Here's the last of 2011:
|Di Sarno Calabrese broccoli and a little bit of Piracicaba broccoli|
I'm still harvesting shoots off of the Di Sarno Calabrese broccoli plants that I started last spring and was complaining about in my June garden update because they weren't growing and the rats were starting to gnaw on them. Once I figured out that they weren't growing because of invading oak tree roots and dug those out then the plants started to grow and produced a tiny crop by July, a little more in August, and then started producing in earnest in September. I've harvested almost 7 pounds of broccoli shoots from those four plants, plus more that weren't weighed because they had more aphids than I wanted to deal with so they were given to the chickens.
|Di Sarno Calabrese florets|
Last night I made one of my versions of comfort food - chopped broccoli braised in chicken stock and seasonings with some eggs poached in the pot with the broccoli. Just what the doctor ordered to combat my first cold of the new year.
|Golden and Chioggia beets|
More beets! These were used in the farro pasta dish that I still haven't written up for my recipe notebook (coming soon, I promise).
|Guntmadingen Winter spinach|
Some rodent, either rats or voles (they're baaack, dang it), started to mow down my spinach plants so I harvested darn near every remaining leaf off of the plants and covered what was left with row cover again. All of it was used to make sauteed spinach with garlic, raisins and pine nuts - yum. Fortunately, the pests didn't completely destroy the plants and I think they will make enough of a comeback to produce another crop.
|Lacinato kale, Di Sarno Calabrese and Piraciciaba broccolis|
The fall/winter brassicas are producing, this is the first harvest of Di Sarno Calabrese broccoli from the new plants plus a bit more Piracicaba and enough Lacinato kale to make another caesar salad.
|Di Sarno Calabrese broccoli|
More destruction by marauding rodents, not sure if it was gophers or voles, prompted me to harvest all of the celery root. I haven't used any of it yet but the trimmed roots will keep well in the refrigerator for a long time.
|Diamante celery root|
|Diamante celery roots, trimmed|
Here's some of the first harvests of 2012:
I thinned out the summer sown patch of beets. The aphids and ants didn't get to this patch of beets very much so I also got a nice bunch of greens (and reds) to use.
|Di Sarno Calabrese broccoli, beet greens, Piracicaba broccoli,|
Baby Ball, Egyptische Platronde, Chioggia, and Golden beets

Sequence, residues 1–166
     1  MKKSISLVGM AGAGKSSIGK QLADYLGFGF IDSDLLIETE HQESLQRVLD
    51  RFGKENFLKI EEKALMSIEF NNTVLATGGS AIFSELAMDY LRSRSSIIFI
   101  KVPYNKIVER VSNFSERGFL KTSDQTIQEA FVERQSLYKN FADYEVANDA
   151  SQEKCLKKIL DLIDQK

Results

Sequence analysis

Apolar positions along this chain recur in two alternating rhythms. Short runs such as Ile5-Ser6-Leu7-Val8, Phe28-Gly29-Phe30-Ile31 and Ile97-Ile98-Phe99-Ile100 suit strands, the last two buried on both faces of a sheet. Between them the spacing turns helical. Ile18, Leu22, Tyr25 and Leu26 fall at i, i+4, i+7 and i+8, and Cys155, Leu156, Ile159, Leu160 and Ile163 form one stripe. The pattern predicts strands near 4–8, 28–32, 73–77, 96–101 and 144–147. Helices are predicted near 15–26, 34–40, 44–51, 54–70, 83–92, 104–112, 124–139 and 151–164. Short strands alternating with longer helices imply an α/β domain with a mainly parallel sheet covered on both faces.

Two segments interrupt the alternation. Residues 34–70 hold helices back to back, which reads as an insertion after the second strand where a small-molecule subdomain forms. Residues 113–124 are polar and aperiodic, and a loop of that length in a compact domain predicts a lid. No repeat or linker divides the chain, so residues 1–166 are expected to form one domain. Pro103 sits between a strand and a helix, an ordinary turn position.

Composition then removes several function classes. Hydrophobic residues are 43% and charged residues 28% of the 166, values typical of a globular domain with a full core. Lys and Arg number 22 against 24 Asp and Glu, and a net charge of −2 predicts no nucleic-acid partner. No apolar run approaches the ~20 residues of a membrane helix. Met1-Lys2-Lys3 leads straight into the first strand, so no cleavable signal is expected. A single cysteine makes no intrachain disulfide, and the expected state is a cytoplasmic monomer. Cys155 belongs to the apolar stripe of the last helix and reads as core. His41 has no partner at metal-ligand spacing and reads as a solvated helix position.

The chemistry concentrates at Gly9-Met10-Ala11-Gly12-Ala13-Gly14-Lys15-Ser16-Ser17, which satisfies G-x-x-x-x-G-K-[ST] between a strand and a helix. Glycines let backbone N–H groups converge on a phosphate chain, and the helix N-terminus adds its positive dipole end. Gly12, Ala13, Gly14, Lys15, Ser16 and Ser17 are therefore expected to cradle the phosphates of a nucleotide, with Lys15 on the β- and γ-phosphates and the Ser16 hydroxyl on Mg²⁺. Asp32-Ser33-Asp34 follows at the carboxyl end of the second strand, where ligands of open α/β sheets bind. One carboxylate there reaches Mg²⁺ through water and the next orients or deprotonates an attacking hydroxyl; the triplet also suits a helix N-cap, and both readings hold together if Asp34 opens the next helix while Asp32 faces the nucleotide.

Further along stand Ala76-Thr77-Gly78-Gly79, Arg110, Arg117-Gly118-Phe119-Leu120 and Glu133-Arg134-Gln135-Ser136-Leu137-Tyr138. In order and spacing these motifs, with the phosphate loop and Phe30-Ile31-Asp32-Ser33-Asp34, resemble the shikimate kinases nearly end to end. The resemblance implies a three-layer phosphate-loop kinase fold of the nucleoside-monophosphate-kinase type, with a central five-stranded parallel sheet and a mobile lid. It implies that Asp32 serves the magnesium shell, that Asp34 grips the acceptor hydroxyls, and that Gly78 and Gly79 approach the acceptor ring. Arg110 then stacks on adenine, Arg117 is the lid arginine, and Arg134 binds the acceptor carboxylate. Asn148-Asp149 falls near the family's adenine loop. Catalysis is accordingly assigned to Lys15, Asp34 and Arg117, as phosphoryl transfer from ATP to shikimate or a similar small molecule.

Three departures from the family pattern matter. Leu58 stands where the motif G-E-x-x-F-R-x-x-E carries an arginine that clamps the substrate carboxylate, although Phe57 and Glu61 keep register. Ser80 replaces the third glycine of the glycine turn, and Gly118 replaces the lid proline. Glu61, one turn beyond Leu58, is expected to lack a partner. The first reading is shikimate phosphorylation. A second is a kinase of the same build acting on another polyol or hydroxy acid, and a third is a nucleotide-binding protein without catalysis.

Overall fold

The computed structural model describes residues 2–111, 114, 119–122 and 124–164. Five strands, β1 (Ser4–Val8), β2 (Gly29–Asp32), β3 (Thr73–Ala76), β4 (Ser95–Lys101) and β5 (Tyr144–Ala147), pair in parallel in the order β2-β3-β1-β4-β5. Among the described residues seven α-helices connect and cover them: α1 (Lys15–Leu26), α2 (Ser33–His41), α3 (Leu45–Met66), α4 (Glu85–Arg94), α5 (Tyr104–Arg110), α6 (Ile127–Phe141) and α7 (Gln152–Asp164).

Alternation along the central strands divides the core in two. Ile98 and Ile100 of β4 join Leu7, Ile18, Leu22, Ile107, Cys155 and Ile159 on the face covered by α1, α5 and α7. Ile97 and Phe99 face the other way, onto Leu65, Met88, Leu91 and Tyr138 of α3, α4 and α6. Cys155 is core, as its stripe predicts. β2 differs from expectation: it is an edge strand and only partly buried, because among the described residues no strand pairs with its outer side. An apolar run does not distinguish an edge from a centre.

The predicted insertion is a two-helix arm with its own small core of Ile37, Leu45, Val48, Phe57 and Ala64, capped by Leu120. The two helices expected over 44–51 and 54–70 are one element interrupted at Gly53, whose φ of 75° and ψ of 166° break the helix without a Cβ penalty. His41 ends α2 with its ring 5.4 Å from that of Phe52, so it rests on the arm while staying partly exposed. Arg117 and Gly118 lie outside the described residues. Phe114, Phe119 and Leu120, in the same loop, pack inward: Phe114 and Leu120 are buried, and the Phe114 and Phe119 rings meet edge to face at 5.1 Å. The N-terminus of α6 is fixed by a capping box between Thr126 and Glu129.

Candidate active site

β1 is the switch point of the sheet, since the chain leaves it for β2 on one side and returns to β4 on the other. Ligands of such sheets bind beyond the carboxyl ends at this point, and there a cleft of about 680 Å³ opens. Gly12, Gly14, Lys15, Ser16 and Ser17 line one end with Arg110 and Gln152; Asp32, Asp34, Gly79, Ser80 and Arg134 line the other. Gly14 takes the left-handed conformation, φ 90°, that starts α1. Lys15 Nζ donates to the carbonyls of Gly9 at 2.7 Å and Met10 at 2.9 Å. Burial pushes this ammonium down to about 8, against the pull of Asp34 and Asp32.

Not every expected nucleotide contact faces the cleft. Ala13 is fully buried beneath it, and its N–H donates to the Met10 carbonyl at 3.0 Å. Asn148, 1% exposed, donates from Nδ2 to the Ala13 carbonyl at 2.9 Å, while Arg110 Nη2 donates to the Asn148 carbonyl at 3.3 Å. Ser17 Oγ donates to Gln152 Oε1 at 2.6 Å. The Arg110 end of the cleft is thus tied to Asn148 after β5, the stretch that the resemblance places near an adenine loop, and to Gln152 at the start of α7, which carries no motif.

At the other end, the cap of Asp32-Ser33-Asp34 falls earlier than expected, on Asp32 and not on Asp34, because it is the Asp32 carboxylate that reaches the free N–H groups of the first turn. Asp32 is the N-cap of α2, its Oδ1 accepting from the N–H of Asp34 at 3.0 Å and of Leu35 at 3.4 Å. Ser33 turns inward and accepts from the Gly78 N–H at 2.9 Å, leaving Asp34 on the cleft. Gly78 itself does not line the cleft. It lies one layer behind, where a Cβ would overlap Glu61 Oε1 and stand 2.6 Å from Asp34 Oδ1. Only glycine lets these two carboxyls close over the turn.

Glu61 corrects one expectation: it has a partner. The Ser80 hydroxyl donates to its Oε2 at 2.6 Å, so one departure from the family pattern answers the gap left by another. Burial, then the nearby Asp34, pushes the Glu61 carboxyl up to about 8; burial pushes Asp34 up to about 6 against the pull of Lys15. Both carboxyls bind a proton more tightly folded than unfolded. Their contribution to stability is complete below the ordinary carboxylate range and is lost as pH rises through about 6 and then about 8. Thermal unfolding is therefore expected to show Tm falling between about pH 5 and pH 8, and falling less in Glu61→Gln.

I'm going to use the beet greens in a crustless quiche tonight and use the beet roots in a salad with mixed greens.
Not photographed yesterday was the last napa cabbage, a Hybrid One Kilo that came in at well over one kilo, but it looks like it is on the verge of bolting so I'm not sure how good it will be. It's in the count for now but will disappear if it turns out to be inedible.
So here's the harvests for the past couple of weeks:
Baby Ball beets - 14.7 oz.
Chioggia beets - 15.7 oz.
Egyptische Platronde beets - 9.2 oz.
Golden beets - 13.6 oz.
Beet greens - 1 lb., 4.7 oz.
Di Sarno Calabrese broccoli - 3 lb.
Piracicaba broccoli - 8.8 oz.
Hybrid One Kilo napa cabbage - 6 lb., 5 oz.
Diamante celery root (trimmed) - 6 lb., 9 oz.
Lacinato kale - 1 lb., 6.8 oz.
Guntmadingen Winter spinach - 1 lb., 11.5 oz.
The total for the past two weeks was - 24 lb., 3.3 oz.
The total harvests for 2011 were - 582 lb., 5.4 oz.
The total harvests for 2012 have been - 11 lb., 14.4 oz.
The harvests for 2011 were 109.4 pounds less than the 2010 harvests, and no surprise, that was mostly because the summer garden (what summer this year?) was in general far less productive in 2011 than in 2010. The only 2011 summer crops that exceeded the 2010 summer crops were green beans and cucumbers, but only because I sowed a second planting of beans (actually - 3 plantings versus 1) and the cucumbers produced well into autumn this year. On the other hand, many of the cool weather vegetables were more productive in 2011 than in 2010, beets up 15 pounds, broccoli up 12, cabbage up 22.8, Peas up 26.8 (!). Come to think of it, the lack of summer weather wasn't the only culprit, the rats took a big bite out of the summer (and spring, and fall, and winter) crops as well. Nineteen pounds of strawberries in 2010 and ZERO in 2011 - all because of the rats. Have you noticed the gadget that I call Rat Patrol over there on my side bar? That's my record of rats trapped for a little more than 5 months. It's mind boggling...
Happy New Year everyone - here's to a productive and rodent-free (please please please, at least reduced-rodent) garden in the coming seasons.
Harvest Monday is hosted by Daphne on her blog Daphne's Dandelions, head on over there to see what other garden bloggers have been harvesting lately.